Emily Takes Some Pictures

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Here’s a little “behind the scenes” story about something you may not know we do at KIN.

I (Judith) should have a bumper sticker that says, “You had me at falafel.” That’s why, when Jani, our volunteer outreach coordinator, asked me to accompany Emily* to Yassin’s Falafel House, I didn’t hesitate to agree.

We arrived just as they opened. All the employees were busy with a catering order for thirty plates: yellow rice pilled into black containers, lined up behind the counter, waiting for different meats and veggies for each one. Don’t take my word for it. Emily took a picture.

At first, Emily was hesitant. Did I want her to photograph the menu? The cashiers? The sign? The longer we stayed, however, the more comfortable she became. “Let me get one from this angle,” she would say. But when I approached three ladies enjoying lunch at a well-lit table, Emily hung back. All three agreed to let Emily photograph their food—even the half-eaten gyro. She took a deep breath, stepped in, and caught some great images.

“I could never do that!” Emily whispered as we walked away.

“You’ll get used to it,” I replied. Most people are happy to help.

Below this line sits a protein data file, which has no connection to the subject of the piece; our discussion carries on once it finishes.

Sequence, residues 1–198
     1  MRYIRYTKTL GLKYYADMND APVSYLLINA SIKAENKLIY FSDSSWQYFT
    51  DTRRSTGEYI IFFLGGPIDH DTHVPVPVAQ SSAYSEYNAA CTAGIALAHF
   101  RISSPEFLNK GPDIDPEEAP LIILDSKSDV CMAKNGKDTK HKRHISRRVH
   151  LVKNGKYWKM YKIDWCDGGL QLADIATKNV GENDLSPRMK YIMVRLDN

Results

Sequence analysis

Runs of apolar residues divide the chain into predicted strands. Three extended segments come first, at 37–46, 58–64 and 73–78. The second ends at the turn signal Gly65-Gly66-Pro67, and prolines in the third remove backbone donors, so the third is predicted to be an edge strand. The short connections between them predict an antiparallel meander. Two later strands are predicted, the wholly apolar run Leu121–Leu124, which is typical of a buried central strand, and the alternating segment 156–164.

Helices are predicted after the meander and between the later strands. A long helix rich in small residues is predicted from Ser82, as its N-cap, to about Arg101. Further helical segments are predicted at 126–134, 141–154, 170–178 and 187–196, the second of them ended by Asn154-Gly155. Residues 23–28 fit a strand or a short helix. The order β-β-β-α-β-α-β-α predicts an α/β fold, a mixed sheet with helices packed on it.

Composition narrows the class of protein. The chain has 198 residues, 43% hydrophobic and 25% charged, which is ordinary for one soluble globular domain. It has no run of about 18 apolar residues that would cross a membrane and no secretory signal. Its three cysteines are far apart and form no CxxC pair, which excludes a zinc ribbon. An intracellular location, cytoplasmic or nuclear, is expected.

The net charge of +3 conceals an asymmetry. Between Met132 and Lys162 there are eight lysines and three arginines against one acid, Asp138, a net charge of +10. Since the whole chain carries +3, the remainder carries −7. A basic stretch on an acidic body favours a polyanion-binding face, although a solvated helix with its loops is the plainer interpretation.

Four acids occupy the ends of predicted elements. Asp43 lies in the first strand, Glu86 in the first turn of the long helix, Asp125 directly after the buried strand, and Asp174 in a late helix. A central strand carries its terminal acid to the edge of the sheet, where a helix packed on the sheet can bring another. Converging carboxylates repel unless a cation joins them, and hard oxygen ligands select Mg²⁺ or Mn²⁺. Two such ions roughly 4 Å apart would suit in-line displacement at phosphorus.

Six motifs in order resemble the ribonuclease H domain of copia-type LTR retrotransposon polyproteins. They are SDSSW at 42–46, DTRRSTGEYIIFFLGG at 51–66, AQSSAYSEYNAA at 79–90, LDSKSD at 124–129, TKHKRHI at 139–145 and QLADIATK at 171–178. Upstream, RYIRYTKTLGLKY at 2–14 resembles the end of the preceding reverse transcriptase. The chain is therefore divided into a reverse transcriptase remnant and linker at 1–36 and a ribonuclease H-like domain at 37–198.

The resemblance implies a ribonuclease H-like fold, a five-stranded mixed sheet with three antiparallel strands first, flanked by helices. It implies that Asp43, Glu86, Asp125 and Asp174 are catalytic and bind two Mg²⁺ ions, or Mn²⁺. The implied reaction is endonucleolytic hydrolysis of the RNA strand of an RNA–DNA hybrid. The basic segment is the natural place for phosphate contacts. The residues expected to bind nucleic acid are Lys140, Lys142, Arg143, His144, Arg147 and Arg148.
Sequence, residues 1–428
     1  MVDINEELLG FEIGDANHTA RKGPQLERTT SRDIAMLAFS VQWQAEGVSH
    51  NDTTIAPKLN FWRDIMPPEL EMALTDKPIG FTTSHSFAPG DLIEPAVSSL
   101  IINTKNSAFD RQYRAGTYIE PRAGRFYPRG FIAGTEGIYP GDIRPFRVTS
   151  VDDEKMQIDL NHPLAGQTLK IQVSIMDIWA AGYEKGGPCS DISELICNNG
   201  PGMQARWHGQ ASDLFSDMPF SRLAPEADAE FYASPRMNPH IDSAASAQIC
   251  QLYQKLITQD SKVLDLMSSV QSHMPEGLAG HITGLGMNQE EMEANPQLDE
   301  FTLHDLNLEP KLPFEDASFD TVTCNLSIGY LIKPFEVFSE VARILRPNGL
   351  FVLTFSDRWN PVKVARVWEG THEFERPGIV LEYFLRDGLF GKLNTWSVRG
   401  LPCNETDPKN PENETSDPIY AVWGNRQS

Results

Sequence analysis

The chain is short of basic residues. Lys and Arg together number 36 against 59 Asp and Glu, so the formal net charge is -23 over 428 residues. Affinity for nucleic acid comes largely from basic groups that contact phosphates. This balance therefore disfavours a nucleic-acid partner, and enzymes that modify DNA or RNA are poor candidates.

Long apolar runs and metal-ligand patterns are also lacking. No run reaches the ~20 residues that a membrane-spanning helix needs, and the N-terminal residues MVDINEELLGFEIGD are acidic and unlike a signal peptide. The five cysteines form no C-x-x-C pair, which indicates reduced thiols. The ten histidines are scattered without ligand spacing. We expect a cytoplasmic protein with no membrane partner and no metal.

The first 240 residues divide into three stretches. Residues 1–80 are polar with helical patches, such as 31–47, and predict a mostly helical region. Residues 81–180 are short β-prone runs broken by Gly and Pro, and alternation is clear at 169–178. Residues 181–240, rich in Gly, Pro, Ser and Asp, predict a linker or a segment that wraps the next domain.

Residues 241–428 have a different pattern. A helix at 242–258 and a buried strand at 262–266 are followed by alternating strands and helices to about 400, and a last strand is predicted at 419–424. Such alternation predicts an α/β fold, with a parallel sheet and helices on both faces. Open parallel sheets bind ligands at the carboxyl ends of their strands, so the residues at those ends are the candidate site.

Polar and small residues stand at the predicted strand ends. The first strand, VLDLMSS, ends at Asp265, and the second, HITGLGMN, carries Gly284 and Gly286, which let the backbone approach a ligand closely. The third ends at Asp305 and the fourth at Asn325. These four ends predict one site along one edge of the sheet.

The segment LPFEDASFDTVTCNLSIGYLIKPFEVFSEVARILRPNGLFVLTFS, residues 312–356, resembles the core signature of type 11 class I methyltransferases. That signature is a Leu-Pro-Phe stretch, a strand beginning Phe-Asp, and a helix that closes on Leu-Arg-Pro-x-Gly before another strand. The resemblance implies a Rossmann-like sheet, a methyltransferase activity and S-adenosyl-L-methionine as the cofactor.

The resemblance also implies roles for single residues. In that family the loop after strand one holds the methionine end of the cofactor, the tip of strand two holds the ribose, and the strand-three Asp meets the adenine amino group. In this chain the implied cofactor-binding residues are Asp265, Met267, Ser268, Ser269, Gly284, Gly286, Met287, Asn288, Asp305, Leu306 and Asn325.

Emily made dozens photos in about 45 minutes that morning. She is one of three interns we’re mentoring through KIN this semester. Each will do something different, and each university program has different expectations for the places their students serve. It’s worth the time and effort for us because, at the end of the semester, three more people will better understand the international population in Knoxville, the work of KIN, and how they are uniquely equipped for non-profit work.

The sweet thing is, we receive more than we give with interns like these. They bring youthful excitement, fresh ideas, and a willingness to serve. In Emily’s case, we will also have hundreds of awesome photographs to use over the next few years. Thanks, Emily!

*Name has been changed for privacy.

January is #NationalMentoringMonth. When we mentor interns at KIN, we’re fostering a legacy of love for internationals in metro Knoxville. What do you think are the long-term benefits of mentoring? Let us know in the comments!

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